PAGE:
• Last modified 2595 days ago (June 6, 2012)


Blue-green algae fight continues

Staff writer

As of May 31, both Marion County Lake and Marion Reservoir are under advisory from the Kansas Department of Health and Environment for blue-green algae.

Officials at both lakes are working to prevent cyanobacteria blooms in the future.

Peggy Blackman has worked since 2003 as Watershed Restoration and Protection Strategy Coordinator to clear up blue-green algae at the reservoir.

WRAPS conducted surveys of water quality and the organization studied the areas of land erosion in neighboring agricultural properties where sediment drains into the reservoir. Blackman said the leading cause of blue-green algae is nutrients — phosphorous and nitrogen — being carried by sediment. Environmental factors — heat, lack of wind and rain — cause the nutrients to rise to the surface and cause the algae.

Using funds secured from Marion County and the Environmental Protection Agency, Blackman has worked with producers to obstruct sediment runoff by placing terraces and concrete blockers in the watershed around the reservoir — a 200 mile radius.

“We’ve had good support from the county and absolutely none from the cities,” she said.

WRAPS then set up a contract with Philip Barnes with the Kansas State Department of Biological and Agricultural Engineering. Kansas State researchers tests for blue-green algae weekly between April and September at the reservoir and monthly from October to March.

These measures did not make a difference at the reservoir right away. Blackman said the worst year for blue green algae at the reservoir was 2006.

“The water was literally opaque,” she said.

Nutrients can rest at the bottom of the lake for years before rising to the surface. Right now, Blackman said the water at the bottom of the reservoir has been unchanged for two and a half years.

To increase water flow, U.S. Army Corps of Engineers park rangers drained some of the water from the reservoir in the spring. The drawback to this maneuver is the chance of creating a low water level in case of a dry spring.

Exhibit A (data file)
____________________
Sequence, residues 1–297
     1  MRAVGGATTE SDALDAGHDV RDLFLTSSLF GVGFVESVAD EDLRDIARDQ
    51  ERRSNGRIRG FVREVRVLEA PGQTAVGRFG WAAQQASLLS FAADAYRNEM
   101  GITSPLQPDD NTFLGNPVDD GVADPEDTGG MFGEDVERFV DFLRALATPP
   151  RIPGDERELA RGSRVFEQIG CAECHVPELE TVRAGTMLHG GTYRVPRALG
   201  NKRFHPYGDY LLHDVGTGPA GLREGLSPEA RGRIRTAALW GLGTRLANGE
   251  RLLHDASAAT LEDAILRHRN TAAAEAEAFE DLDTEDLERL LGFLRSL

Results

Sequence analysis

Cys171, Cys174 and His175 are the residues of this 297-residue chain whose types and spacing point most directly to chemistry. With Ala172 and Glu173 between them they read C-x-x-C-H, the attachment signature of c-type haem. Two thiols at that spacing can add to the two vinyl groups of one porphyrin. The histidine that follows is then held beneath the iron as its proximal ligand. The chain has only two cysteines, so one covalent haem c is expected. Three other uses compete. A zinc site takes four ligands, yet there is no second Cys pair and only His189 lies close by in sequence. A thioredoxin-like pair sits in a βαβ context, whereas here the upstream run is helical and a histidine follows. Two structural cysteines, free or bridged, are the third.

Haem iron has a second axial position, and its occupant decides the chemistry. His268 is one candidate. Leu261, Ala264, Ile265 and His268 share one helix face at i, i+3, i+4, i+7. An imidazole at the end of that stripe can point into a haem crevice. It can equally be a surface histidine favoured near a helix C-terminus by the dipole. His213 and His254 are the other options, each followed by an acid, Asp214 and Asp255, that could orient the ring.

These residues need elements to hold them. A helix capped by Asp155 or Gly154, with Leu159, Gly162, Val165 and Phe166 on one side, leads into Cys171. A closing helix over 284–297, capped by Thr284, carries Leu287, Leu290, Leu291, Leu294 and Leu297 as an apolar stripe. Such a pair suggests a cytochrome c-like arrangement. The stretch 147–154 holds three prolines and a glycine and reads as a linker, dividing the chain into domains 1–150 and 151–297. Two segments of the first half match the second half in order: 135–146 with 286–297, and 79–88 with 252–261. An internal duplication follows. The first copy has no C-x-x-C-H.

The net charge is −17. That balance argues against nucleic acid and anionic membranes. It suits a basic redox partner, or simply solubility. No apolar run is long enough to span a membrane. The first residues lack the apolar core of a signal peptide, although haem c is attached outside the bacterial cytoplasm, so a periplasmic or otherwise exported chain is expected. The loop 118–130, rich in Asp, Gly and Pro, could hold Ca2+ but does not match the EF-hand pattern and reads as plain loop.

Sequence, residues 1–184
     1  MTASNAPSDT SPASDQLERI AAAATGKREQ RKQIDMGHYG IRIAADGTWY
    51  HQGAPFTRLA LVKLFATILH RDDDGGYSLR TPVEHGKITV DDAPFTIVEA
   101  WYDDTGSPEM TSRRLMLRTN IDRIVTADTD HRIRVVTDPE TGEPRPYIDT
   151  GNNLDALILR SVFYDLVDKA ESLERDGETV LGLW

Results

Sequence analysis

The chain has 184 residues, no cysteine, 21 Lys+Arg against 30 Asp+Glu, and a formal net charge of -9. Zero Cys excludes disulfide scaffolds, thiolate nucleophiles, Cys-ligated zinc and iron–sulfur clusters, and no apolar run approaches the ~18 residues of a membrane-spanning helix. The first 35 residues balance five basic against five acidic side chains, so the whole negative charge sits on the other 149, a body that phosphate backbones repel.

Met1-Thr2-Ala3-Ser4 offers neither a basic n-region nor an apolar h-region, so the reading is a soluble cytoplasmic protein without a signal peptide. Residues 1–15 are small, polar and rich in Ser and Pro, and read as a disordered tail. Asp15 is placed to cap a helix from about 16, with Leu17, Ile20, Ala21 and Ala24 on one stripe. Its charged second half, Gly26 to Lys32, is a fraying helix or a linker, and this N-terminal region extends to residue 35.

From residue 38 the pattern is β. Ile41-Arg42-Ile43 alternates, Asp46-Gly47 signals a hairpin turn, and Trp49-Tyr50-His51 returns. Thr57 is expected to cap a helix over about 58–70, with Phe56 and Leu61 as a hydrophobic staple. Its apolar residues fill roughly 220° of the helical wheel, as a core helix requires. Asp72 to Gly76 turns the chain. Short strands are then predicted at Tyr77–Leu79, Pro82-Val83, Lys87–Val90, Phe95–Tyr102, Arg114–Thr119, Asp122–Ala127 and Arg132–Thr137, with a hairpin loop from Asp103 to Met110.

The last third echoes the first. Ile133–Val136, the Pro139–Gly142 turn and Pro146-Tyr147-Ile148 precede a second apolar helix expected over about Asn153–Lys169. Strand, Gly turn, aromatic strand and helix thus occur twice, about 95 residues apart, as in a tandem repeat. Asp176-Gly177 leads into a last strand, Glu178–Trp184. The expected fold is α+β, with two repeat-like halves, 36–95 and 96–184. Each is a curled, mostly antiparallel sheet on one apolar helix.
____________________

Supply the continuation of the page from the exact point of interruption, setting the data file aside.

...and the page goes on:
The Kansas Department of Wildlife and Parks caught large numbers of carp and buffalo fish from the bottom of the lake in the recent past. While the move was meant to create an advantageous water system for fisherman, carp and buffalo fish can stir up nutrients that create blue-green algae.

Blackman said the reservoir has seen progress since 2006. There are still lands were sediment runoff needs to be addressed and the lake is still susceptible to algae, but she said it is much better off than it was.

Marion County Lake

Officials have had a more difficult time making preventative measures against blue-green algae at Marion County Lake.

Last year was the first time that blue-green algae was confirmed at the lake, Environmental Health Department Director Tonya Richards said.

Since June 24, the lake has been under an algae warning three times and under advisory eight times.

Richards has applied for a grant that the county would use to provide an alternative water source for two ranchers who use the northern cove, located on private property, and eastern section of the lake to allow cattle to cool off and drink.

The county has already taken steps to control sediment. They have placed 10-foot wide buffer strips of tall grass at edges of the lake this year.

However, Richards said it may take years to see effects preventive measures have had at Marion County Lake. Like at the reservoir, the lake has a store of sediment waiting in the lake that rises to the surface under the right conditions.

Unlike the reservoir, lake officials have no way of moving water in the lake.

Other lakes

Marion County Lake and Marion Reservoir are not alone in their struggle against blue-green algae.

Since June 24, 17 lakes received a warning level for blue-green algae according to the Kansas Wildlife and Parks Department website; 15 of those lakes received multiple warnings.

Memorial Veterans Lake in Great Bend received a warning level 19 times over this time. The Augusta Santa Fe Lake in Butler County was under a warning 11 times.

Twenty different lakes received an advisory level for blue-green algae. Logan City Lake in Phillips County was under advisory 12 times.

Last modified June 6, 2012